3.2 Program Details
The execution path for the program is a follows: 1. Any necessary setup and/or bookkeeping is performed 2. A binary file is read into a memory allocated buffer for the program. 3. A similar sized buffer is then created for the float values to be saved by the computation. 4. The buffers are then used in the transformation, a combination of type-casting, bit shifting and division performs the conversion from a fixed point number to a floating point number. 5. Each value is saved into the float buffer as it is computed 6. After all transforms are complete the program is complete and stops the timers. 7. Verification is performed to make sure the fixed and float values agree. Our main measure for this program is execution time of which there are two specific time regions that are looked at: 1. the time from 1-6 (system execution) and 2. The execution time of 4-6 (data transform). Although the verification step is necessary, it is not a time slice of the program that is interesting as it has nothing to do with memory movement or data transformation and is outside the scope of this experiment.
Listings 1 and 2 present a pseudocode representation of the program. In the OpenCL representation shared virtual memory (SVM) buffers are used to pass data to and from the FPGA kernel. SVM memory buffers are new to OpenCL 2.0 and allow the host program and FPGA kernel to share pointers [ Intel/Altera '14,]. This eliminates the need to copy data from a host buffer into a device buffer creating a much easier interface to work with on the host side. There's a large amount of overhead in the OpenCL version of the program because of the necessary buffer initialization, context setup, and error checking required by OpenCL. In the OpenMP implementation threads are spawned using a #pragma omp for call putting the limit of threads at 14 which matches the number of physical cores on the HARP machine. The for loop is the only portion of the code where parallel execution is used and the rest is sequential. Of course, the sequential version of the program has no OpenMP pragma and executes sequentially the entire time. Listing 3 shows the actual data transform as it is implemented in both versions of the code. To access the array the OpenCL version uses a get_global_id() call to return the specific index of the work item and in the OpenMP version the for loop counter is used. Finally in listing 4 the extra attributes that are added to the OpenCL kernel are shown which declare a 3-dimensional workgroup size of 64x1x1 (creating a total workgroup size of 64) and a SIMD width of 16 to split the workgroup onto 4 different hardware threads on the FPGA.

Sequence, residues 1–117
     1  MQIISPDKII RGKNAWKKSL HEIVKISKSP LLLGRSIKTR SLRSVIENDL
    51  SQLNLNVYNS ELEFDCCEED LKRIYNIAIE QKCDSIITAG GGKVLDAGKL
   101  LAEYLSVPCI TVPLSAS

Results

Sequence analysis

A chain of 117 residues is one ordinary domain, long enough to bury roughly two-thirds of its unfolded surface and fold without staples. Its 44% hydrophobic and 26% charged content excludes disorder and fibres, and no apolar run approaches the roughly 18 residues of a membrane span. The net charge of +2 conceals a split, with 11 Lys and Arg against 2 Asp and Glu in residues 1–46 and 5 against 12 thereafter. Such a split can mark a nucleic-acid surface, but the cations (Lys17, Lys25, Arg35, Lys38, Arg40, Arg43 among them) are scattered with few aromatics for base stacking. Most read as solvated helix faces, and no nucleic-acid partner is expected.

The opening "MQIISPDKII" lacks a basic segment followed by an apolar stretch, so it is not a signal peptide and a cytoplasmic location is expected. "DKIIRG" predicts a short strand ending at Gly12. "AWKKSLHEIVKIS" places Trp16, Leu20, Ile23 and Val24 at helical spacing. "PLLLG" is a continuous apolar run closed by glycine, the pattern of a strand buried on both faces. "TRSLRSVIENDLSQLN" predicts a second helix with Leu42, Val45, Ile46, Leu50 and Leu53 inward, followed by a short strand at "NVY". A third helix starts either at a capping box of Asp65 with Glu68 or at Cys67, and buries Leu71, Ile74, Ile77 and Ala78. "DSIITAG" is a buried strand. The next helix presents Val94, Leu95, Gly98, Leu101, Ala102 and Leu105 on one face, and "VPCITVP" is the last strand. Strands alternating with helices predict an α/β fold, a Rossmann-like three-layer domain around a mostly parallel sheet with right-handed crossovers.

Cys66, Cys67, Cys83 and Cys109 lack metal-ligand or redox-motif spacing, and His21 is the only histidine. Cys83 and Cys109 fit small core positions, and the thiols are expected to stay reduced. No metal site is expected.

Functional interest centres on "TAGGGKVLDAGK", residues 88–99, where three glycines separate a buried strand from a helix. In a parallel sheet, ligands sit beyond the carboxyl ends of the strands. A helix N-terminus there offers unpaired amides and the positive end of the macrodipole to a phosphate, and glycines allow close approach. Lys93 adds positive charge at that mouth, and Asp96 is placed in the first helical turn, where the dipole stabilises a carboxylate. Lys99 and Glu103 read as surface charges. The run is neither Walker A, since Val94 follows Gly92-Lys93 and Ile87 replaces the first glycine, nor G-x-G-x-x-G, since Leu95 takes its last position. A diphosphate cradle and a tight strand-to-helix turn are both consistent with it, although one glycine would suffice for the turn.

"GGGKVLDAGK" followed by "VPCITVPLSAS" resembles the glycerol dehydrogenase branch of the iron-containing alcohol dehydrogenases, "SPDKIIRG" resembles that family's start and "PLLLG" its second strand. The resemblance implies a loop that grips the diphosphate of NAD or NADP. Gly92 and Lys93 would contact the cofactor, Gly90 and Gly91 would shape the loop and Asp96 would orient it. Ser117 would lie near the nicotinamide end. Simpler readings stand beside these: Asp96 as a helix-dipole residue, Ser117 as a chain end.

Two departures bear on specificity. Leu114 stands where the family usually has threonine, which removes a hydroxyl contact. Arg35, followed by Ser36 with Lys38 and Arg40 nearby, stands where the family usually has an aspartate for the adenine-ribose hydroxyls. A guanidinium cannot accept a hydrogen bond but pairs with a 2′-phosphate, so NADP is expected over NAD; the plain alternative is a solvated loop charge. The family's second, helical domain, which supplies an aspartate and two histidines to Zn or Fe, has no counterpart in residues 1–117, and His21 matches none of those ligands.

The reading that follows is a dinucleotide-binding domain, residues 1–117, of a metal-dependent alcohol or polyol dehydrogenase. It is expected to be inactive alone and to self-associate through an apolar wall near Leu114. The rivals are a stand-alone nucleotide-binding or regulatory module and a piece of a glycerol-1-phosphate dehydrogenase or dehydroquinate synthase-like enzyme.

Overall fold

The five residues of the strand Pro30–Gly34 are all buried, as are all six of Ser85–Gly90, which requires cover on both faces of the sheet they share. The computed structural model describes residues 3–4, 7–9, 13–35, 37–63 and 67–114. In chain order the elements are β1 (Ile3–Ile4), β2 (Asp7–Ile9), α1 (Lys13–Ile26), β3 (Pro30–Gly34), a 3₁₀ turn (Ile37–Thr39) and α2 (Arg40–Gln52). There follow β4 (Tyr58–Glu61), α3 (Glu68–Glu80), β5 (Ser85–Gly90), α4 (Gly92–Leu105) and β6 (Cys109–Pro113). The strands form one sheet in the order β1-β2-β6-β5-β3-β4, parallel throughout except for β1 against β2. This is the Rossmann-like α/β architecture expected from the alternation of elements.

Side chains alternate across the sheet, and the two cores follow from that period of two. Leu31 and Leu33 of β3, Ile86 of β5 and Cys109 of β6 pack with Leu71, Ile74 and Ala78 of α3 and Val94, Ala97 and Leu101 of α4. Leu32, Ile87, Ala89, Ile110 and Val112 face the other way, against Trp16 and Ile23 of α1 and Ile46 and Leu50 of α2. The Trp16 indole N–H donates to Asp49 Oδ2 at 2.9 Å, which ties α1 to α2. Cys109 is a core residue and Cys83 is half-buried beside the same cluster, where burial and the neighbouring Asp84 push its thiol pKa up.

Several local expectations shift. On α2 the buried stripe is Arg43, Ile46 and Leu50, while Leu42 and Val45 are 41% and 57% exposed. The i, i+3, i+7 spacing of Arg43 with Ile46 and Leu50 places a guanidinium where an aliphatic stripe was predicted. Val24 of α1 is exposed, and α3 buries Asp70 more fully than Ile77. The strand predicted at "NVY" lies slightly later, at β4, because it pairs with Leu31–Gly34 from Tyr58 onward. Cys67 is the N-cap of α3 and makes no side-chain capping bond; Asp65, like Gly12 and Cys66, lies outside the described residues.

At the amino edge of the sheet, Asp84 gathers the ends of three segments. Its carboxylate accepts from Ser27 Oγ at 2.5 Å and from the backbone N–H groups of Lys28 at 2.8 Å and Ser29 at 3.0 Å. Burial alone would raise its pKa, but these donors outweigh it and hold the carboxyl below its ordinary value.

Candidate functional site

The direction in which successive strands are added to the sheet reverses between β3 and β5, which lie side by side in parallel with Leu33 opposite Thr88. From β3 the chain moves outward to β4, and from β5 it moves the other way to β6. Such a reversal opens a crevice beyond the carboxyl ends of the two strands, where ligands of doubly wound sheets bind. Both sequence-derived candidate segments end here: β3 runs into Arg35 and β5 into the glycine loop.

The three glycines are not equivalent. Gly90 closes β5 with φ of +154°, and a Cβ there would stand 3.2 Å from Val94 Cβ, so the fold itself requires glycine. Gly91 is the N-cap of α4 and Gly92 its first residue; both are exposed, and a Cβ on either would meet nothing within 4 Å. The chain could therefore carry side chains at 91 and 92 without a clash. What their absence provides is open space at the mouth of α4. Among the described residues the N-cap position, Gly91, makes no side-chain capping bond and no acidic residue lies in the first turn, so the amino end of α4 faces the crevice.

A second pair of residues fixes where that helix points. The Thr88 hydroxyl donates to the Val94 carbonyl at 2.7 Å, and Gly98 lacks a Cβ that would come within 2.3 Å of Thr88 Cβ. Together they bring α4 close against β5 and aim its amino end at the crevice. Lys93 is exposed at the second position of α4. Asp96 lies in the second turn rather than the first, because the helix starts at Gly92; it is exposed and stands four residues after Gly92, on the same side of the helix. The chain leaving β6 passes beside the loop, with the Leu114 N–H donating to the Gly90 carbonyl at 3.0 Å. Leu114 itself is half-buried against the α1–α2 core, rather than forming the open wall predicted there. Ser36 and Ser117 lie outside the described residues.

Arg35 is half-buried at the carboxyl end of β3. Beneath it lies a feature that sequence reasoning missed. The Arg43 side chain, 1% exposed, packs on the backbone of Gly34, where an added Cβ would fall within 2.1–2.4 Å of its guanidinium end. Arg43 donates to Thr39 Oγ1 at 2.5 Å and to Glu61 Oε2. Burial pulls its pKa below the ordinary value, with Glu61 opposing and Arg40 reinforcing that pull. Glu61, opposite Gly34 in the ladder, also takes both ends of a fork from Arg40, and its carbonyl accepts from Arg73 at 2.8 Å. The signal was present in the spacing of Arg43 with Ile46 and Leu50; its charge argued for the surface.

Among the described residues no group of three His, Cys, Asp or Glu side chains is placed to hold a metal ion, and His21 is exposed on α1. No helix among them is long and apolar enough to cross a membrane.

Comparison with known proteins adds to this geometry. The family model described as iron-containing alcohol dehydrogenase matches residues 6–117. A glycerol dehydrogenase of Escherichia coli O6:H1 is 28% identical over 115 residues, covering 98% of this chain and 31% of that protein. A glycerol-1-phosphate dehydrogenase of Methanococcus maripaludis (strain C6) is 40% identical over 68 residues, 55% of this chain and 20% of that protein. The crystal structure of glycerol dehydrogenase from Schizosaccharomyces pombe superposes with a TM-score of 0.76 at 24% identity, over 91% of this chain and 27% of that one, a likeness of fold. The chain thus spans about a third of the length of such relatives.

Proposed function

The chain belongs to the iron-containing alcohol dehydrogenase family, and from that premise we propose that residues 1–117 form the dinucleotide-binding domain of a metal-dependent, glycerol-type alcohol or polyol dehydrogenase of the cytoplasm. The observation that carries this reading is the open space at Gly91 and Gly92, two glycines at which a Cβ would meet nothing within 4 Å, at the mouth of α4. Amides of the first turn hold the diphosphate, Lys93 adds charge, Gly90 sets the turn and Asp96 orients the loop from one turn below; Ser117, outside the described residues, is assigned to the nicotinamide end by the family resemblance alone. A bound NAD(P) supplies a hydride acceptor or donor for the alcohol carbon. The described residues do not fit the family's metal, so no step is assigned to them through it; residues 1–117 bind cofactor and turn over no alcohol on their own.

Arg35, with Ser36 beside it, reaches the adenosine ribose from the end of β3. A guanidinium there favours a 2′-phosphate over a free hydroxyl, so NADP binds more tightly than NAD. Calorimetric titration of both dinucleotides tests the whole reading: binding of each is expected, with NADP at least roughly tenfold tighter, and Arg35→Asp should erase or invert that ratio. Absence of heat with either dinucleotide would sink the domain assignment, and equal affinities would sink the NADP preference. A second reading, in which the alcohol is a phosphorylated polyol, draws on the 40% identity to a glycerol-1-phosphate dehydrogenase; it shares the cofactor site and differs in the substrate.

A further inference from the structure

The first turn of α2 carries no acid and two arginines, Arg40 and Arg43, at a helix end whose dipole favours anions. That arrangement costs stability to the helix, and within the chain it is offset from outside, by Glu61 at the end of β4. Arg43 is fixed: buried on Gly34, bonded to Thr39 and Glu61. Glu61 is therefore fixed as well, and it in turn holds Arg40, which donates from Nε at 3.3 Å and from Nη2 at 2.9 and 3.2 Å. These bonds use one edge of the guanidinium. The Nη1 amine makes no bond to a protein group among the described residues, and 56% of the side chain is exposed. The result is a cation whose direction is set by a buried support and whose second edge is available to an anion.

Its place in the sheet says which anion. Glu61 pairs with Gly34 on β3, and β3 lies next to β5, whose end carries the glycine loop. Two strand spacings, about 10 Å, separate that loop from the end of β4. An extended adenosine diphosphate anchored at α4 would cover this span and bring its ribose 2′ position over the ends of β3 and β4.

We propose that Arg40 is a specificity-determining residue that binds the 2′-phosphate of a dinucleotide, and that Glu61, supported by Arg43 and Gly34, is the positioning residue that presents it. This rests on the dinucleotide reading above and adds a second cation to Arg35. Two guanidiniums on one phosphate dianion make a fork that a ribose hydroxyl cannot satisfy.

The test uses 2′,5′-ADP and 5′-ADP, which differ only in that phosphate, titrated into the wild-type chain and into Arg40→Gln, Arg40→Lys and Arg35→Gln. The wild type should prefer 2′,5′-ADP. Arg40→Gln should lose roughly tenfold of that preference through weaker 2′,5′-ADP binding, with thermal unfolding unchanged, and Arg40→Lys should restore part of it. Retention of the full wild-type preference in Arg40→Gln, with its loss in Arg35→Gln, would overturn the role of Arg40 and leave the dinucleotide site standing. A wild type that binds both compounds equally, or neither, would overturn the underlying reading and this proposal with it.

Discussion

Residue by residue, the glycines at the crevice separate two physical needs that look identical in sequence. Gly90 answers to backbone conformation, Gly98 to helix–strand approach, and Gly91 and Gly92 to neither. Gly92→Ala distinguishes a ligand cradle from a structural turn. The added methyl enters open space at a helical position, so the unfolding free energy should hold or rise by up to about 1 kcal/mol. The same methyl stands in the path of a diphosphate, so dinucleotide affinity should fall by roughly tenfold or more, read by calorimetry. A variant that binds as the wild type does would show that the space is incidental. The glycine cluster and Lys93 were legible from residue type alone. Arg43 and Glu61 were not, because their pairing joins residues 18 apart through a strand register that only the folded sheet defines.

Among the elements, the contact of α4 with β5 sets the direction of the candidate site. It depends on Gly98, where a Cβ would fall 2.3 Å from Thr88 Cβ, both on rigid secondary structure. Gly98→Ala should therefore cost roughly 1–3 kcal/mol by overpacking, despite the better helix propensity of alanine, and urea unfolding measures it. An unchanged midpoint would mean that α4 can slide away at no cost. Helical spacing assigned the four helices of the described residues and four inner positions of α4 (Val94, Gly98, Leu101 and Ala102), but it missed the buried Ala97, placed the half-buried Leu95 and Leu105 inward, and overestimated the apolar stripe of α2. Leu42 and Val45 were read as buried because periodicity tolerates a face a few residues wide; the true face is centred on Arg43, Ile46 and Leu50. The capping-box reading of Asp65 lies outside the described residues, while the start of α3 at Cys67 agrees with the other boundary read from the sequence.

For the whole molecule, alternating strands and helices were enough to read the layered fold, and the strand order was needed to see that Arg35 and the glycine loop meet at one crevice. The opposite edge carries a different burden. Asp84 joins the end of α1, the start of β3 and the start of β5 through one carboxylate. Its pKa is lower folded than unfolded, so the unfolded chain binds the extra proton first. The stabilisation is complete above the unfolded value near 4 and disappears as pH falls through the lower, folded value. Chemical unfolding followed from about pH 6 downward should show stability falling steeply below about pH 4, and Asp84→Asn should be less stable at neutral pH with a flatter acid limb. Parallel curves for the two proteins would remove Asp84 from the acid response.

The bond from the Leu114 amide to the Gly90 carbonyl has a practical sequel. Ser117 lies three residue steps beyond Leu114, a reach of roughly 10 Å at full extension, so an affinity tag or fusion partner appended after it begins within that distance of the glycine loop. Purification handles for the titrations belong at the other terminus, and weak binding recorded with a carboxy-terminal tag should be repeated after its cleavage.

Listing 1: OpenCL pseudocode Listing 2: OpenMP pseudocode
Listing 3: The data transformation as implemented in code
Listing 4: Extra attributes added to the OpenCL kernel
4. Experimental Results
As mentioned in the previous section this experiment is broken into two measures: the running time of the system and the running time of the data transform. This section presents the results of both measurements and compares them using analysis of variance (ANOVA). The final two graphs in this section plot the system and data transform running times as a function of the data set size. This section will conclude with a summary discussing some of the results of the experiment. It is important to note that all samples, except for the final two graphs at the end, have gone through a log transformation due to the large ratio between the highest and lowest numbers in the data set.
4.1. Data Transform
In table 3 the computation of effects for the data transform are shown. The average running time for a data transformation in this spread results in a 1.34 log millisecond execution time (21 .88 ms). Each file size results roughly in a ~.24 log millisecond spread between each other (~1.5 milliseconds). The execution model has fairly large gaps between the implementations where in cases of CPU vs FPGA a gap is as wide .8 log milliseconds (6.76 ms) in the worst case scenario. Most interactions in table 3 result point to SIMD FPGA having the better on average performance between either the file size or the execution mode as a majority of its interactions are less than zero.
Table 3: The effects and interactions table for the Data Transform
Moving onto the ANOVA table for the data transformations (figure 4) we see that effect B, the data set size, has the largest effect on the variation between the runs, which may prove the hypothesis correct that the data set size is the major factor in these transformations. The next factor that explains 17.35% of the variation is the execution mode followed by the interactions at 2.83%, although this is less than a quarter of the total variation it still could be significant. The variation due to errors is very low thankfully, with a .08% variation.
Table 4: ANOVA table for data transform
Table 5: Confidence levels for the effects in the data transform experiment
The confidence intervals of the effects can be seen in tables 5 and 6 and are bold if they are significant. The data size and processing platform are all significant, with a z value of 2.576 resulting in a 99% confidence in the claim (Jain). While not all interactions between effects are confident at this level a large portion of them are which support the earlier claim.
Figure 6: Confidence levels for the interactions in the data transform experiment